No, the British government is not ‘white nationalist’

Racial identity politics really is boosting some ludicrous ideas.

Rakib Ehsan

Rakib Ehsan

Topics Identity Politics Politics UK

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Over the past year, racially charged concepts, such as ‘white culture’, ‘white oppression’, and ‘white privilege’, have gained traction within certain circles, and set back British race relations by years.

A perfect example of the ease with which such racialist ideas now circulate unquestioned among the left-ish and liberal arrived just before the turn of the year in the Guardian. It published an interview with Halima Begum, head of the Runnymede Trust, a ‘race equality’ think tank, in which she accused the UK’s Conservative government of pursuing a divisive ‘white nationalist’ agenda – one which supposedly prioritises the white working classes at the expense of non-white ethnic minorities in a bid to consolidate the Tories’ newfound support in Labour’s traditional heartlands. She also criticised government ministers for failing to respond meaningfully to the ‘seismic shifts’ represented by the Black Lives Matters (BLM) demonstrations and the disproportionate effect of the Covid-19 pandemic on BAME communities.

In many ways, Begum’s intervention is not surprising. It just further confirms how the ‘anti-racism’ industry is being colonised by ideologues intent on keeping non-white people locked into a perpetual state of grievance and victimhood. The reality of the matter is that some of the most severely disadvantaged communities in the UK are predominantly white. These communities can be found in Britain’s long-abandoned post-industrial and coastal towns, which have suffered from long-term economic decline, and political and cultural exclusion – thanks to decades of free-market globalism and liberal cosmopolitanism. To suggest that devoting greater political attention to these neglected communities is a form of white nationalism is exactly the kind of hysterical identitarianism that undermines the broader anti-racist cause.

Begum is right that the BLM movement has caused seismic shifts in British society. But these shifts do not represent progress. A recent poll by Opinium found that a majority of people – 55 per cent – believed that BLM has actually increased racial tensions. This view is also shared by a plurality of ethnic-minority Brits (44 per cent). Labour voters were also notably more likely to agree than disagree with the view that BLM has heightened racial tensions in British society. These survey results show how BLM has undermined social cohesion, and sown division and antagonism. No government in a multi-racial democracy should seriously entertain ideological movements which are clearly willing to sacrifice social solidarity on the altar of radical identity politics.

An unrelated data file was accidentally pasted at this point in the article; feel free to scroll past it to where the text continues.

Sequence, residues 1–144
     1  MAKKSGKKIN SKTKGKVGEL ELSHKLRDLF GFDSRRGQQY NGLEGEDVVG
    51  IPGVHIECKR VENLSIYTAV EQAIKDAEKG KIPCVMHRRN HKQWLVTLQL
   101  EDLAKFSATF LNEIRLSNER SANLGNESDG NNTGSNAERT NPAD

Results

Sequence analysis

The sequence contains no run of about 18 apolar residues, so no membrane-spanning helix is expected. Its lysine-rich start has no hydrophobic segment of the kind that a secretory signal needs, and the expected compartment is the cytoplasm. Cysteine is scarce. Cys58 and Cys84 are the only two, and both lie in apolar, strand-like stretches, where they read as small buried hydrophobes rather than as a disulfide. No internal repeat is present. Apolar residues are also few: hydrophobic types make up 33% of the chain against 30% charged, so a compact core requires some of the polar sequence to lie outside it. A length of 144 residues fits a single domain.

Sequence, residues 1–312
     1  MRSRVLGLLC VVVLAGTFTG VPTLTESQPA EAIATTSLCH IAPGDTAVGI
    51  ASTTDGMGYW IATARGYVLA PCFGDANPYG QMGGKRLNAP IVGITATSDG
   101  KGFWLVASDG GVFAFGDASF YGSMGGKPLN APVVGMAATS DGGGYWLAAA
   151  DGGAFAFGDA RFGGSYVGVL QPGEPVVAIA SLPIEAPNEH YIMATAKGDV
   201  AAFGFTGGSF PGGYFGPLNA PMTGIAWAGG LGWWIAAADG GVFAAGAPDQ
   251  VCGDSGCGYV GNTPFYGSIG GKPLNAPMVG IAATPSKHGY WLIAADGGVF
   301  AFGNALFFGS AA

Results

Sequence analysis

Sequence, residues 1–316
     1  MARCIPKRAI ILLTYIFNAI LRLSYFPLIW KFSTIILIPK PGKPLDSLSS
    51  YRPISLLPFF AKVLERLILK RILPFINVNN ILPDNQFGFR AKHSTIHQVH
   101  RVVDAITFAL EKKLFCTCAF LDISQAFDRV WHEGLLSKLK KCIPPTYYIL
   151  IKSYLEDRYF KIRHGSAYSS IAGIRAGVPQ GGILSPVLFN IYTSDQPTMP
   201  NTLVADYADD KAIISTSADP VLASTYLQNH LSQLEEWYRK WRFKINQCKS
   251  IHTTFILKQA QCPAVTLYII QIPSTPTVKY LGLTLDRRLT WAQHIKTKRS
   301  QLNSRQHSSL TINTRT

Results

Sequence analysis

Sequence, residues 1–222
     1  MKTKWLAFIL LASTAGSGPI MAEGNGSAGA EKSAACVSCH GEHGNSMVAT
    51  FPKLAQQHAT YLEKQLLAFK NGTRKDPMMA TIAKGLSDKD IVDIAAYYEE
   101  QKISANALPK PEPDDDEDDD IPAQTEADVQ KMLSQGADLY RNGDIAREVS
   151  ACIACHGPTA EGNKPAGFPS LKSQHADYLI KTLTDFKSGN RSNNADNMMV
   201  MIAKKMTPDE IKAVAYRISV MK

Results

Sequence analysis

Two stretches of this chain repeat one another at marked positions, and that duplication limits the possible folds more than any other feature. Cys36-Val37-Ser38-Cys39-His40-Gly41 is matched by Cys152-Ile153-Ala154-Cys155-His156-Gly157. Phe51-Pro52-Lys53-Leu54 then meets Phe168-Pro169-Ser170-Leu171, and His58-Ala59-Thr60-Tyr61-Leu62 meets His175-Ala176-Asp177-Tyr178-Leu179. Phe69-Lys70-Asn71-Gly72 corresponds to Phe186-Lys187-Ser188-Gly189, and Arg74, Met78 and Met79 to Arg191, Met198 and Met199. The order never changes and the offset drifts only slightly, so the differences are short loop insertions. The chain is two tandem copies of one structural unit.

But the liberal left has not just embraced BLM’s racial identitarianism over the past year. It has also racially weaponised Covid. In other words, the gravest national public-health crisis in the postwar era has been exploited by the anti-racism lobby in order to paint the UK government as a racist administration which does not care about its own ethnic-minority citizens.

Yes, it is true that the pandemic has exposed very real socioeconomic disparities between the UK’s ethnic groups. But to ignore the myriad factors at play here – from geography and housing, to occupation and lifestyle – and blame such disparities on ‘structural racism’ is an especially crude and dangerous form of victimhood politics. Indeed, government adviser Dr Raghib Ali, senior clinical research associate at the MRC Epidemiology Unit at the University of Cambridge, has stated that structural racism is not a reasonable explanation for disparities between ethnic groups, and that focusing on factors such as occupation and housing would be more helpful. Racial identity politics may be fashionable in some quarters, but it achieves nothing in terms of heightening the quality of the national debate.

Begum’s labelling of the government’s policy agenda as white nationalist is a case in point. Racial nationalism, remember, is an ideology that frames national identity in racial terms. To be racially nationalist, as Begum claims the government is, is to want to preserve the ‘racial purity’ of a nation by facilitating the repatriation of existing racial minorities and halting flows of inward migration of other races. In the British context, white nationalists attempt to root ‘Britishness’ in racial identity, so that one can only be considered British if one is white. This reflects one of the key pillars of white nationalism internationally — namely, the commitment to the idea of the ‘white ethno-state’.

The government can be accused of many things, but it hardly makes sense to suggest it is committed to forging a white ethno-state. After all, this is an administration with an Indian-origin home secretary, who recently created an immigration route for millions of Hong Kong residents wishing to flee from Chinese state oppression and start a new life in the UK.

Yet despite this, the Guardian insists on carrying an interview claiming the government is white nationalist. Too often, it seems, politically divisive and socially corrosive narratives surrounding race are presented as fact by an influential clique of culturally liberal activists. Let’s hope their racialist ideas are repudiated with vigour over the course of this year.

Dr Rakib Ehsan is a research fellow at the Henry Jackson Society. Follow him on Twitter: @rakibehsan

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Topics Identity Politics Politics UK


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